Choosing an HR Software Partner

Over the past five years, more than $4.5 billion has been invested in HR software companies, and the size of the market is estimated to reach $9.2 billion by 2020. Here's a guide to help you choose the right HR software partner for your organization's needs.

By Jim Madden

The HR function has been inundated over the past few years with a proliferation of software companies. If you Google “Top HR Software Systems” today, you will find a “Software Advice” site that lists more than 300 products.

HR software's origins can be traced back more than 30 years to products such as Tesseract, and modules from MSA and McCormick and Dodge. All of these companies have long since vanished in their original form – perhaps a precursor to today. HR software took off in the 1990s through ERP software such as SAP and Oracle, and through dedicated HR software platforms including Peoplesoft (acquired by Oracle).

Each of these products was premise-based. That is, they reside on a company's computer. These products changed how organizations, both large and small, approached and managed their HR processes. But when technology evolved and the cloud entered the picture, many of these players were late to leverage it. Countless new HR software companies were quickly empowered, through the cloud, to harness this game-changing technology and leapfrog the market leaders. Interestingly, among the first were the Founders of Peoplesoft, Dave Duffield and Aneel Bhusri, who later founded Workday, a cloud-based HR-software provider.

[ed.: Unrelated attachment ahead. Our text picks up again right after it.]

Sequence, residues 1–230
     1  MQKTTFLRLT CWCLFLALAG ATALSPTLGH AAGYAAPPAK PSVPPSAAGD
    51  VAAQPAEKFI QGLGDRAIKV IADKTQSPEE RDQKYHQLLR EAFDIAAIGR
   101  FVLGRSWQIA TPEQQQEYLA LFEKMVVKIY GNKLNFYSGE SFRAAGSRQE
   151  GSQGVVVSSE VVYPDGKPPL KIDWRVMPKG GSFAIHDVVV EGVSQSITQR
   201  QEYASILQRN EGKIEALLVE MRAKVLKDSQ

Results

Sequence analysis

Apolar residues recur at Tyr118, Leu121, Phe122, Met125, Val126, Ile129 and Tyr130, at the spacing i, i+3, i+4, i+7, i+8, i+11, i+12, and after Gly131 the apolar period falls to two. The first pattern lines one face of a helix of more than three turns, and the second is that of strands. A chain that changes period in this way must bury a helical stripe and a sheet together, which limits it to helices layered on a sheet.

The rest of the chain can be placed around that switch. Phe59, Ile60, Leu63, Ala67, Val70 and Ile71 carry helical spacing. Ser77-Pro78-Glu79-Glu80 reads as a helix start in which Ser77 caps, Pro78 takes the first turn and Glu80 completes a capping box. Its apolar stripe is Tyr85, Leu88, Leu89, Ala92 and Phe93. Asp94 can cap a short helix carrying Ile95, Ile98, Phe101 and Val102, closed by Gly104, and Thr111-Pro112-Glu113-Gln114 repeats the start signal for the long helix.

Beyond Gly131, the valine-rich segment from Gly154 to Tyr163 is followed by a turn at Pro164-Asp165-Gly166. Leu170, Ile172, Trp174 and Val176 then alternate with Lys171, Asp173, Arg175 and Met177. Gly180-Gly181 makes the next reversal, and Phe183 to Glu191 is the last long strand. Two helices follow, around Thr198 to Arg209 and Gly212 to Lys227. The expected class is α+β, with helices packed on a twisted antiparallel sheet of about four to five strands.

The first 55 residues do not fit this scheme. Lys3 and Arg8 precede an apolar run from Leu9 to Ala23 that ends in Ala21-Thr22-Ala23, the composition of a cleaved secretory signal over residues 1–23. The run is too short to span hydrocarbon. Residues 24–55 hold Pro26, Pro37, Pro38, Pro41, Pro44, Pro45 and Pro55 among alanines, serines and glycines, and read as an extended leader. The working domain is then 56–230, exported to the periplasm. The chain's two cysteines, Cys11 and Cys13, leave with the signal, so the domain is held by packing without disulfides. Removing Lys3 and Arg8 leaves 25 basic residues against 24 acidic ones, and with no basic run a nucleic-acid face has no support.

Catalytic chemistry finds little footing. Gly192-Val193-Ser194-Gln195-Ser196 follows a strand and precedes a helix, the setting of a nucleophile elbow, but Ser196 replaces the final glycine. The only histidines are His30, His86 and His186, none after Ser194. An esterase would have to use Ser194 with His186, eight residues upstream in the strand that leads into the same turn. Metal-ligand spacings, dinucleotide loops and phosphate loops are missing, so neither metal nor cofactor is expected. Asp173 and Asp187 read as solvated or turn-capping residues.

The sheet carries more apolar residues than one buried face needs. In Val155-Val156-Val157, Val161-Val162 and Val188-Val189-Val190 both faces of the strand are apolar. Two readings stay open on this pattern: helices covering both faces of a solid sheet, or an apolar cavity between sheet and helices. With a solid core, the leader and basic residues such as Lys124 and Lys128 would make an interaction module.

Over the past five years, more than $4.5 billion has been invested in HR software companies, and the size of the market is estimated to reach $9.2 billion by 2020. Many of the new companies are focused on specific sub-segments of HR including applicant tracking systems, talent management systems, specialty payroll and rewards and recognition, among others. As large as this space is, the reality is that there is now an overpopulation problem among HR software companies. There are far more entrants in the market than can be reasonably sustained. Inevitably, there will only be a handful of winners and a very large number of losers. This is not the first time this cycle has occurred. Does anyone still recall MSA or Tesseract?